Western Sahara

Bureau of Democracy, Human Rights, and Labor
Report
April 20, 2018

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Note: This report was updated 5/15/18; see Appendix G: Errata for more information.

EXECUTIVE SUMMARYShare    

The Kingdom of Morocco claims the territory of Western Sahara and administers the estimated 85 percent of that territory that it controls. The Popular Front for the Liberation of Saguia el Hamra and Rio de Oro (POLISARIO), an organization that seeks the territory’s independence, disputes Morocco’s claim to sovereignty over the territory. Moroccan and POLISARIO forces fought intermittently from 1975, when Spain relinquished colonial authority over the territory, until a 1991 cease-fire and the establishment of a UN peacekeeping mission. Since 1991, UN-facilitated negotiations on the territory’s status have been inconclusive. The sides have not met face-to-face since 2012.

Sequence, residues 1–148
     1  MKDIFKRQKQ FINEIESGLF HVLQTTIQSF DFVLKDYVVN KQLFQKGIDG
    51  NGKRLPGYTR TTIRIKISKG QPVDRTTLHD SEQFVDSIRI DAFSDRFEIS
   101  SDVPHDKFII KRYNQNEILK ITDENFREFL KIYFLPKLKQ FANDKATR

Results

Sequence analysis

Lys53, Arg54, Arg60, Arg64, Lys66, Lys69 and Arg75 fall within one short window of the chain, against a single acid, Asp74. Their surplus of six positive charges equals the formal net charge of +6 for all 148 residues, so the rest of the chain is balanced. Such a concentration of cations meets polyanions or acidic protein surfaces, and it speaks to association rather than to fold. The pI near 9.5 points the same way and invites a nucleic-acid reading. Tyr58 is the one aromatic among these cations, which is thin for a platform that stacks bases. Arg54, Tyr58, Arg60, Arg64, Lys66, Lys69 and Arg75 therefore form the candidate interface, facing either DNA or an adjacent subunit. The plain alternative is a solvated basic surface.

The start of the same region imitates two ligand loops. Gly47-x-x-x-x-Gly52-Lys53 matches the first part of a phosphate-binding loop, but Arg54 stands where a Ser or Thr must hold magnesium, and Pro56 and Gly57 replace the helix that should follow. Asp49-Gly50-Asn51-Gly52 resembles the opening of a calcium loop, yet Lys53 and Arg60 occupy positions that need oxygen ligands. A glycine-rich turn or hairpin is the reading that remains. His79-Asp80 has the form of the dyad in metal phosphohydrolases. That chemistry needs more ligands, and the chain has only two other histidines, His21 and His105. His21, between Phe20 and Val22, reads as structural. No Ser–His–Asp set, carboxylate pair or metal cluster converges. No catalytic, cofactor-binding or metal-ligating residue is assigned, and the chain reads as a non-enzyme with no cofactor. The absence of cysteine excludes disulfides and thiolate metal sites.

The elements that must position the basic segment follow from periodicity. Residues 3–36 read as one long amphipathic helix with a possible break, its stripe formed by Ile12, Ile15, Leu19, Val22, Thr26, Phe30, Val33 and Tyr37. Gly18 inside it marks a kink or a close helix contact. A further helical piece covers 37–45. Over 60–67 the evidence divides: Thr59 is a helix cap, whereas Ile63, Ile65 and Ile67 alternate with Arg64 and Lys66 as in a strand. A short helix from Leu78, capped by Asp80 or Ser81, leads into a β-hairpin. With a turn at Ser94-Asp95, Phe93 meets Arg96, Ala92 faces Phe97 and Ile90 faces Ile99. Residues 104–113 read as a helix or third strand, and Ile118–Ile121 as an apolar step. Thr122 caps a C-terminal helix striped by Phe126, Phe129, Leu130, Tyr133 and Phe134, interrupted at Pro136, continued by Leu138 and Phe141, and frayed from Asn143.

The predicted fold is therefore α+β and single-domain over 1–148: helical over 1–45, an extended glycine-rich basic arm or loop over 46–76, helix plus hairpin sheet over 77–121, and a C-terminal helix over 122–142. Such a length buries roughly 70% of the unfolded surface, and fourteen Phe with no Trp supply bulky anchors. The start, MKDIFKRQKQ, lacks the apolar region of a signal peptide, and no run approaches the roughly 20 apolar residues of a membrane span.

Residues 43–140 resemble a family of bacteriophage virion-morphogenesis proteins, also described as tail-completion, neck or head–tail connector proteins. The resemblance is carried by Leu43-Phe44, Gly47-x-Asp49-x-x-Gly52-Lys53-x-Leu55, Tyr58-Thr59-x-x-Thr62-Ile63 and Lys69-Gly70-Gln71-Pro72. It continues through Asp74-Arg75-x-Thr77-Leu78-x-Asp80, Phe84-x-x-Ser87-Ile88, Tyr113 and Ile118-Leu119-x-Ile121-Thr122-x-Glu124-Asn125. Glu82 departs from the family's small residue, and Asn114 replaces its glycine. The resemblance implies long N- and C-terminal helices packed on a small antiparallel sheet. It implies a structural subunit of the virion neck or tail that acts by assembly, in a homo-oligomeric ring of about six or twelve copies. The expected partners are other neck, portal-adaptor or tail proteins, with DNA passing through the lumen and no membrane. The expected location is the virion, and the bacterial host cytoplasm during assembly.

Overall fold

Morocco administers the territories in Western Sahara by the same laws and structures governing the exercise of civil liberties and political and economic rights as in internationally recognized Morocco. In 2011 Morocco adopted a constitution that it also applies to its administration of the territory. Morocco is a constitutional monarchy with a parliamentary national legislative system under which ultimate authority rests with King Mohammed VI, who presides over the Council of Ministers. The king shares executive authority with the head of government (prime minister) Saadeddine El Othmani. According to the constitution, the king appoints the head of government from the political party with the most seats in parliament and approves members of the government nominated by the head of government. International and domestic observers judged the 2016 parliamentary elections, held in both internationally recognized Morocco and the Western Sahara, credible and relatively free from irregularities.